In a context where brandishing the words “moral rearmament” or “war on terror,” is the case since the terrorist attacks in early January, the risk of detonating the principles underlying these democracies is not negligible. Starting with the temptation to remedy the defects by intelligence expeditious methods, of what the United States didn’t lose. This is shown by a report from the committee of the US Senate Intelligence declassified December 9th, 2014. Not only has the CIA conducted intensive interrogation, amounting to torture, in the context of the “war against terrorism” after the attacks of September 11th, 2001, but it was in vain. The report demonstrates the futility of the information obtained, particularly in the hunt for the al-Qaida leader Osama bin Laden.
Contrary to the spirit of the Enlightenment, torture had gradually disappeared in the West since the eighteenth century, and only the Nazi and Soviet totalitarianism have reintroduced it in Europe. Once that door opened, it managed to infiltrate the heart of the French Republic. A few years after the end of the Second World War, torture was practiced during the wars in Indochina and Algeria, even if the rulers did never publicly admitted it. To intellectuals like Pierre Vidal-Naquet (The Torture in the Republic, Minuit, 1972) or the Communist Henri Alleg, who had himself suffered to torture (La Question, Minuit, 1958) protested, with others, against this process.
We imagine that a suspect is in possession of information that could prevent a deadly explosion when we use torture to prevent a time bomb. After exhausting agreed interrogation methods, would it be, if not legal, at least fair to subject the prisoner in question in order to find the lethal weapon and protect potential victims? This kind of calculation was considered a plea for “stress methods,” a term used by Jean-Marie Le Pen in 1962, and then by his daughter Navy in December 2014 — although both have defended by that explicitly justify torture.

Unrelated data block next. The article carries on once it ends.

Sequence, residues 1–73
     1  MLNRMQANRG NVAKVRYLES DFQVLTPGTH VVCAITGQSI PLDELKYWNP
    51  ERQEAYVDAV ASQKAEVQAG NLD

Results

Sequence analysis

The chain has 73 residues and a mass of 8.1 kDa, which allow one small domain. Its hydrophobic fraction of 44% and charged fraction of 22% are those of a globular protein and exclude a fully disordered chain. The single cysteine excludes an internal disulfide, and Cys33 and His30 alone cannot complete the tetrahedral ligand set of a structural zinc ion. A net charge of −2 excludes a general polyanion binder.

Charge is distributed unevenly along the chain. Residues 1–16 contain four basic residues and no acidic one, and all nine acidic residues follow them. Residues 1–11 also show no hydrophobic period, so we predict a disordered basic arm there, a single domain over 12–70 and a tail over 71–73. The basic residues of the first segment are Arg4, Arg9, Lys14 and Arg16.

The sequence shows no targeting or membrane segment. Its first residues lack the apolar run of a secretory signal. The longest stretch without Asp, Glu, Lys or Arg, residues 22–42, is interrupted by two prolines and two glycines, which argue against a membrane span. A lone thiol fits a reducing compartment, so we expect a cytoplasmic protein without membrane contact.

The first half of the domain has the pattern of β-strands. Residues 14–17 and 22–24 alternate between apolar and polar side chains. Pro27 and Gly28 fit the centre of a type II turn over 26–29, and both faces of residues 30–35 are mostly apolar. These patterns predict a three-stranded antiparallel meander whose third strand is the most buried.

However, neither the far right nor nostalgic colonization have had the monopoly of casuistry on the subject, and has shown the philosopher Michel Terestchenko, author of Good Use of Torture. On the basis of the “time bomb,” American left philosophers like Michael Walzer, or liberal as the famous lawyer Alan Dershowitz also discussed a liberal ideology of torture. While these thinkers have not sought the least to legitimize this practice was once called the question. But by adopting the strong shared consequentialist view, which judges the morality of an action by its effects, it is difficult to not qualify it as a good all lesser evil that spares innocent by talking a terrorist force. Only the opposite approach, “deontological” (appreciating anything under principles and not of consequences), may designate torture as criminal and unjustifiable.